My column for the Village covering the Apple Tax fiasco: http://villagemagazine.ie/index.php/2016/09/not-the-rate-the-loopholes/
As it says on the 'tin' - the problem with Apple Tax is not the rate of corporate taxation set in law in Ireland (the 12.5% 'red line' rate), and not tax competition, nor the benign nature of tax exemptions that Ireland bestows on all companies, including the MNCs. The problem is that these competitive aspects of the Irish regime are simply not enough for the likes of Apple, which pursued and obtained access to exemptions that any ordinary company operating in Ireland cannot avail of.
Hence, the red herring of the arguments that the EU Competition ruling is an attack on Irish tax rate. It is, instead, a challenge to the asymmetric preferences granted in the past (and still in use during the ongoing phase-out period) to a handful of MNCs over and above domestic companies. Lest we forget, for decades, Irish State had no qualms operating an openly discriminatory taxation regime that treated foreign investment-backed companies differently from domestic companies. Lest we omit considering the present, Irish State still has no qualms taxing human capital of its residents at rates far in excess of those applying to physical and financial capital. Lest we fail to think about it, Irish State has no qualms asymmetrically allocating the burden of the crisis to Irish people over and above our banks, foreign investors, foreign bondholders and vulture funds.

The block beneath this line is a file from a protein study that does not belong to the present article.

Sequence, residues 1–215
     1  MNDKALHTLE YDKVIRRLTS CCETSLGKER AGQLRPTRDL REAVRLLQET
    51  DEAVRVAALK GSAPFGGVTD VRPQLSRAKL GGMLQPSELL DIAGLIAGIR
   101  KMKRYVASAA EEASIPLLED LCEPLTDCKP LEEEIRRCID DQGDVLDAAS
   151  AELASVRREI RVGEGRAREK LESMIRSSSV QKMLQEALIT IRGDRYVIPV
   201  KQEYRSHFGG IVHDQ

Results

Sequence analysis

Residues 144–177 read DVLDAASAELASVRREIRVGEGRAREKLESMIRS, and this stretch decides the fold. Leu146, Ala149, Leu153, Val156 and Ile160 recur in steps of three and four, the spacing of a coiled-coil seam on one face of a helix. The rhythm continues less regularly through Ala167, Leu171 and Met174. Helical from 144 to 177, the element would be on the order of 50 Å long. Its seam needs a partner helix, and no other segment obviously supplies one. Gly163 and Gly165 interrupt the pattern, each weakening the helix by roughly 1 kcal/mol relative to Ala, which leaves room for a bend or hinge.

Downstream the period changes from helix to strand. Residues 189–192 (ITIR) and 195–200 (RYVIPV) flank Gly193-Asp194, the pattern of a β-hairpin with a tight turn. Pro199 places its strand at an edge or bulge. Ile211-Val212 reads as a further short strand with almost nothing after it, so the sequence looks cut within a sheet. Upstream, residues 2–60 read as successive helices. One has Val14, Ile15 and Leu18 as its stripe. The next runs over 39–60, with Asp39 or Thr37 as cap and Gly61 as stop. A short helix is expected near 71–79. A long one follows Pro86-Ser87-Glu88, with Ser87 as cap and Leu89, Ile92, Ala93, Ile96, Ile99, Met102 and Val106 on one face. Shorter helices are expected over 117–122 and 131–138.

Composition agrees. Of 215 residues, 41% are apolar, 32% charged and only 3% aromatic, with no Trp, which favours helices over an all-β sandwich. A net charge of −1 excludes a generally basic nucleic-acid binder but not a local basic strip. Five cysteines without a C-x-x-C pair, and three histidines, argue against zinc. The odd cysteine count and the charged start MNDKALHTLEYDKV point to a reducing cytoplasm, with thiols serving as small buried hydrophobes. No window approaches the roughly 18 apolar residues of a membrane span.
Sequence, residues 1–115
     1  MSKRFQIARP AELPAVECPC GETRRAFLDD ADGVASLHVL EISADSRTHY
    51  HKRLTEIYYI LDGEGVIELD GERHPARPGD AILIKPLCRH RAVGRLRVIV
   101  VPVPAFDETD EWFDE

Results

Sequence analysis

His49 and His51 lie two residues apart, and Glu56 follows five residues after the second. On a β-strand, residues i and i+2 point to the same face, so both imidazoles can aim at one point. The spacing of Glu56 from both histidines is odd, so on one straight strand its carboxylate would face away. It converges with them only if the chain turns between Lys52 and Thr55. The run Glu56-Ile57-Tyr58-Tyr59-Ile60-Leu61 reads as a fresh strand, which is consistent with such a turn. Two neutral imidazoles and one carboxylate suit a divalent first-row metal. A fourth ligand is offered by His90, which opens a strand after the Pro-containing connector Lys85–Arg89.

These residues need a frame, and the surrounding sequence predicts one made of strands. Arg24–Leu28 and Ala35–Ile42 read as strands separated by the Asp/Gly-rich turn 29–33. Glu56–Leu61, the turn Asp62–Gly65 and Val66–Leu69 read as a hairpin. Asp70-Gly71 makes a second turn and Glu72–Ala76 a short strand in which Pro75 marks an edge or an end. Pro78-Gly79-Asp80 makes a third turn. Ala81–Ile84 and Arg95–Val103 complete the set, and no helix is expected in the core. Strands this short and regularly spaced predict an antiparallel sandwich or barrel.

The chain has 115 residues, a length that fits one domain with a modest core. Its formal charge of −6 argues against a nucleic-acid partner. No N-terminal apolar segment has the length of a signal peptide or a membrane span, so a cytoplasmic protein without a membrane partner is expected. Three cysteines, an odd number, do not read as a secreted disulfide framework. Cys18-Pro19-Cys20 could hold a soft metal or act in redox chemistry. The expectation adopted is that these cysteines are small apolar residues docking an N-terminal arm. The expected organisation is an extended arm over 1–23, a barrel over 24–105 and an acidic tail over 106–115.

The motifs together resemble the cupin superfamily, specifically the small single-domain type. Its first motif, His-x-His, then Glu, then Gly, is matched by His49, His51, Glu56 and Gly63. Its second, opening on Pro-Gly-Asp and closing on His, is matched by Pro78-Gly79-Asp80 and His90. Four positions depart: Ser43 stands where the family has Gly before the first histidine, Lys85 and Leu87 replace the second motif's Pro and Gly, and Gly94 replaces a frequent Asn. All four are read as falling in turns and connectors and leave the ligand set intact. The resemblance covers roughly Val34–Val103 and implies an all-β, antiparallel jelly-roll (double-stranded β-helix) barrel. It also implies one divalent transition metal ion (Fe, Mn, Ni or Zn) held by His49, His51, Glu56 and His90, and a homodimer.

I am one of the most vocal advocates of low (benign) taxation, flat tax, competitive regulatory regimes (coupled with robust enforcement) and other means for improving the functioning of the private markets. Always been one and remain. I support real investment in the economy, both foreign and domestic and believe in a level playing field for entrepreneurs and enterprises, alike. But, folks, the debate around Apple Tax is not about 12.5% tax rate and Ireland's tax autonomy, but about asymmetric nature of privilege.